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    I am a perimenopausal woman and I have started noticing that my hair is thinning. What can I do to fix this?

    Answer by:
    Doris Day, MD

    New York University

    Thinning hair is a very common problem. It's as common in women as it is in men. But unfortunately for women, it's much harder to conceal. And women don't really have the option of going bald and being proud of it the way men do sometimes. So it is important to be able to disguise that.

    Let's start with the underlying causes. There are two types of hair loss that occur in women: scarring and non-scarring. The most common is non-scarring, and this tends to be genetic and familial. Even if no one in your family had hair loss, it can still happen to you and still be part of your genetic makeup.

    So once you have that issue, it's important to be evaluated by a dermatologist or internist or OB/GYN. There are a lot of doctors who can do the evaluations for you. Sometimes we check hormonal levels.

    Often, even if the hormone tests come back normal, there is still somewhat of an hormonal imbalance that may be occurring.

    People often think that thyroid changes can lead to hair loss, but it really doesn't. It may make your hair more dry and brittle, but doesn't typically make your hair fall out. But it's worth having your thyroid checked as well to make sure that everything is in order.

    Taking supplements does not really help hair growth. I have a lot of patients who take Biotin to help their hair grow. But it doesn't really help if you don't have a Biotin deficiency.

    Biotin will make your hair stronger potentially, again, only if you have a deficiency in that area.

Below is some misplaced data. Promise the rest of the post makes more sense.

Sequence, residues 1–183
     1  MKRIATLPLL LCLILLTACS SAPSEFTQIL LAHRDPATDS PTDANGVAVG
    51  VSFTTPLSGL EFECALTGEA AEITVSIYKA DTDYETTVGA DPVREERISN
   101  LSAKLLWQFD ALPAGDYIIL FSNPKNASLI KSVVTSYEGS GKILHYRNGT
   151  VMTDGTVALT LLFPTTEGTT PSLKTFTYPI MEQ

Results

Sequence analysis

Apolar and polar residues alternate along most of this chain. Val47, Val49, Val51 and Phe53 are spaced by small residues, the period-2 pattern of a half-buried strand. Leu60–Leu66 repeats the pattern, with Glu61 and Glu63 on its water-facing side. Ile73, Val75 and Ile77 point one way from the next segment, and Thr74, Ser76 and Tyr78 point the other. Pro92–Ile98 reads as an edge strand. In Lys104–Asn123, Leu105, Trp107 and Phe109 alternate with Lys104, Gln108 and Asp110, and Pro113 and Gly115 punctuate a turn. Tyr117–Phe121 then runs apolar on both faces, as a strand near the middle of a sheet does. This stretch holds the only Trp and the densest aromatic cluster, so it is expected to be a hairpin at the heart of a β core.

There are no other supplements that I know of that have been proven in the literature to help grow hair. However, having any nutritional imbalance may have an effect on your hair.

    Another cause of hair loss would be stress. Sometimes when you have a stress, you can see the hair loss starting about three months later. You have to think about what stress you might have had three to four months before, because that's about how long it takes to show.

    To conceal hair loss, you can try combing your hair different, changing your hair style, or coloring it a little closer to your own natural scalp or skin color. Use more neutral tones, as opposed to very dark or light tones. Also, there are powders that you can add to your hair that work as hair expanders to make your hair appear more full and thick.

    The one thing you don't want to do is to over tease or over process your hair, because then you are pulling it out and causing more damage.

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